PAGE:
WASHINGTON – The economy, weighed down by a bloated trade deficit, grew at a slower pace in the first quarter of the year. The 3.9 percent rate suggested a still-sturdy recovery but raised questions about its strength in the months ahead.
The new reading on the gross domestic product, issued Friday by the Commerce Department, wasn’t as strong as the 4.4 percent growth rate previously estimated for the January-to March quarter. It also was slightly slower than the 4.1 percent pace of the final quarter of 2003.
The GDP measures the value of all goods and services produced within the United States.
A main culprit to the downward revision was the yawning trade deficit. That shaved 0.7 percentage point off the first-quarter GDP, which was twice as much as estimated a month ago. Consumers also spent more modestly, and businesses didn’t boost spending to buy equipment and to build inventories as much as previously thought.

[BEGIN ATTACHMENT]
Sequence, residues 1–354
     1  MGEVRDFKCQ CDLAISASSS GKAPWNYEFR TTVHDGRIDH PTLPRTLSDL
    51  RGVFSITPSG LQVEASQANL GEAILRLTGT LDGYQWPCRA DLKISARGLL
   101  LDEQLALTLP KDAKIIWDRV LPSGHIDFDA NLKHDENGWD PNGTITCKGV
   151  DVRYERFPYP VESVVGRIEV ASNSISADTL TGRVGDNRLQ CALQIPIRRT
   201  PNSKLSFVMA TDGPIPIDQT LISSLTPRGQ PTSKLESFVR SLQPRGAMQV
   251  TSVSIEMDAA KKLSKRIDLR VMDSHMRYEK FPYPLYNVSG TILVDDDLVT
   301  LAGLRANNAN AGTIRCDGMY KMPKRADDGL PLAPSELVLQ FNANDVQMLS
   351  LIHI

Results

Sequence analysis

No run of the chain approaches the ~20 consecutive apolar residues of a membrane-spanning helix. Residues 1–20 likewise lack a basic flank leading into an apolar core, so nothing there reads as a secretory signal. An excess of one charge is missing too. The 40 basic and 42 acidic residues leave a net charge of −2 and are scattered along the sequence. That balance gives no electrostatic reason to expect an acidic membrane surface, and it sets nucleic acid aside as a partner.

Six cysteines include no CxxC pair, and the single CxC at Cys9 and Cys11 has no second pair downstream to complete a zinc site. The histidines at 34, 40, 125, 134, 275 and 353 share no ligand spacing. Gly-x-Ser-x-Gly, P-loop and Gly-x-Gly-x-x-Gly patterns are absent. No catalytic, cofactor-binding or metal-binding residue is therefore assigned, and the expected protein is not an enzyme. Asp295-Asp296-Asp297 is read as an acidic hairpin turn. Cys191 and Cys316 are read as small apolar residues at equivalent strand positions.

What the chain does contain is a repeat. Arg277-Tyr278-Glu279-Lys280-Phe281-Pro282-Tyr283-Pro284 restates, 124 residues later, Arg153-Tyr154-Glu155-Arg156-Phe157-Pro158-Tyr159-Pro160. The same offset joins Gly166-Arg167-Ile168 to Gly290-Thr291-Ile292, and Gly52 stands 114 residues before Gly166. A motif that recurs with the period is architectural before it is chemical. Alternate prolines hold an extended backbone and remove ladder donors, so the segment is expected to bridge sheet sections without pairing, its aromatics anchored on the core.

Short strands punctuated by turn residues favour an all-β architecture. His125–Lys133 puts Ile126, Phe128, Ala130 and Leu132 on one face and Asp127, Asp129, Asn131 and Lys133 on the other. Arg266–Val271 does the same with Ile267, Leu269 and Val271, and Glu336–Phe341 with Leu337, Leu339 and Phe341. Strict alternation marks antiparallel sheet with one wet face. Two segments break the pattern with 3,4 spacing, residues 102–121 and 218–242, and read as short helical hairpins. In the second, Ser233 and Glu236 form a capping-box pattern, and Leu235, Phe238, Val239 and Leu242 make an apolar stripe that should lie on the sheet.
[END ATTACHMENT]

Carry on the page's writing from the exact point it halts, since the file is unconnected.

The 3.9 percent growth rate, while the slowest pace since the second quarter of 2003, was still considered healthy, economists said.
“This is a little bit less momentum than we thought, particularly on the business side,” said Bill Cheney, chief economist at MFC Global Investment Management. “But in the scheme of things, it’s a decent rate of growth.”
In other economic news, sales of previously owned homes climbed in May to a record annual rate of 6.80 million units, a 2.6 percent increase from April’s level, the National Association of Realtors reported. Even with higher mortgage rates, home sales are expected to set records for all of 2004, economists said.
Estimates for economic growth in the April-to-June quarter ranged from a rate of 3.5 percent to just more than 4.5 percent. Even on the low end of that scale, the rate would be sufficient to generate jobs, analysts said.
Growth would be stronger if not for the expectation that higher energy prices will crimp consumer and business spending, they said.